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Animal-Ethics Isues Featured in Weeks News

Animals-Ethics Issues Featured in Week’s News

May 2nd, 2011 • Posted in: News

Virtual dog-fighting game remains for sale despite plea from police union; experts differ on whether studies of captive dolphins are productive and necessary; academic ethics journal says the word “pet” is derogatory



News about animals and morality earned several headlines last week. Among the stories:

  • A virtual dog-fighting game was pulled from sale but later reinstated on the popular Android Marketplace application sales site, reports the Los Angeles Times. The head of the Los Angeles police union had urged Google, which oversees the site, to take down the app, saying it simulates a “repulsive and sickening” practice that in real life would be a felony in every U.S. state. Google did not immediately respond to questions about whether the game would remain available for download and said it was taken down temporarily because of a trademark issue , reports the Times. The app’s maker insisted it was meant to educate the public on the evils of animal cruelty.
  • There’s growing controversy about whether it’s ethical to study dolphins that are kept in captivity. Science Magazine, which hosted and archived an online chat featuring opposing experts, reports that some researchers maintain that studying the minds of dolphins can lend insight into both medical and behavioral issues of humans. Opponents, such as Emory University biopsychologist Lori Marino says preventing animal suffering should take a higher priority than “esoteric” research questions.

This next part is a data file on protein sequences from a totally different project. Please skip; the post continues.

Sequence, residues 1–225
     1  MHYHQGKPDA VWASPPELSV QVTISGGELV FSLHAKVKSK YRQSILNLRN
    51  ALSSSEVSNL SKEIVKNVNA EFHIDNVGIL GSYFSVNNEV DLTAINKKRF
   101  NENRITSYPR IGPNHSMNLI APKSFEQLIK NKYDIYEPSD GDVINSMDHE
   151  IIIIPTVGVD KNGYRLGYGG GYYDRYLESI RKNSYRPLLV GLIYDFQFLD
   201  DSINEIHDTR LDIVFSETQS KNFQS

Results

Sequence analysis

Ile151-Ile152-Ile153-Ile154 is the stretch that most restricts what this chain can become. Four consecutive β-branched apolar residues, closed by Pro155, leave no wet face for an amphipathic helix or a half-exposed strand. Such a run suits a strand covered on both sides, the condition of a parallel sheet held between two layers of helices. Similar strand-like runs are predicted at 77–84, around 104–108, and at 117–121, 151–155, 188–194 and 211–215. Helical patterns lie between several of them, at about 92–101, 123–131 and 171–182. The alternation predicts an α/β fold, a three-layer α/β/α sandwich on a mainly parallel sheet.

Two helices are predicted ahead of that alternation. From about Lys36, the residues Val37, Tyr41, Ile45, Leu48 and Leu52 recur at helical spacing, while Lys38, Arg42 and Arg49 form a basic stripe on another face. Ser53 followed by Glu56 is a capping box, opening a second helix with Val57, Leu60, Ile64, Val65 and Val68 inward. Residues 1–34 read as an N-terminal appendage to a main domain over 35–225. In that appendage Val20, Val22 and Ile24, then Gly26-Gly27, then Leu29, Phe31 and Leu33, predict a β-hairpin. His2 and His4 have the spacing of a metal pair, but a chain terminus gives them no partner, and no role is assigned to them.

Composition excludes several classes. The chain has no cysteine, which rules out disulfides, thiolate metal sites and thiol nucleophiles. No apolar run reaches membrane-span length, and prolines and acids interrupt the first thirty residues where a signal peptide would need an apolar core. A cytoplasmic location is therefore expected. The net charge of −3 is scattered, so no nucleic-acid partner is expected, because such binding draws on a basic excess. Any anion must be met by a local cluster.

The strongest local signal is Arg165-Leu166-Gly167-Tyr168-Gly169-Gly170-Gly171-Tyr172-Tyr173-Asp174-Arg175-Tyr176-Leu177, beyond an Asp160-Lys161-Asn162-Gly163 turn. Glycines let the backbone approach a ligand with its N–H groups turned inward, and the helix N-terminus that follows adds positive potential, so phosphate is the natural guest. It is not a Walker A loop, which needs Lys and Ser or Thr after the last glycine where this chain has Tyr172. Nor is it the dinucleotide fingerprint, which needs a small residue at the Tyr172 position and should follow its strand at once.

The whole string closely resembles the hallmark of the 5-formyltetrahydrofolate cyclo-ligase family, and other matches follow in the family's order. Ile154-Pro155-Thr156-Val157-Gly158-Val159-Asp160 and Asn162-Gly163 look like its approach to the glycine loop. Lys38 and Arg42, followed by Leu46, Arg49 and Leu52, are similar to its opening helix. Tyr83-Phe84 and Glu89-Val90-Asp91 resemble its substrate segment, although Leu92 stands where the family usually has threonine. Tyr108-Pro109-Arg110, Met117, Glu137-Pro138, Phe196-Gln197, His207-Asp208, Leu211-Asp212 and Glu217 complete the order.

• A new academic journal says it is wrong to call your dog or cat a “pet,” reports the Week. The Journal of Animal Ethics, a publication of the Oxford Center for Animal Ethics and the University of Illinois, says “pet” is a derogatory word that encourages poor treatment of animals. The proper word, says the journal, is “companion animal.”


In an interesting category of ethics comes video games with titles such as Grand Theft Auto and Mob Wars. This time it involves dog fighting using the latest video game technology. This type of game clearly violates ethical laws in the United States and it is a wonder the game is still for sale on platforms such as the latest Android Smartphones. Something that so blatantly violates so many moral and ethical ground should clearly not be allowed to be sold or distributed and is currently under review. It is also alarming that a new academic journal states it is wrong to call your cat or dog a pet. 

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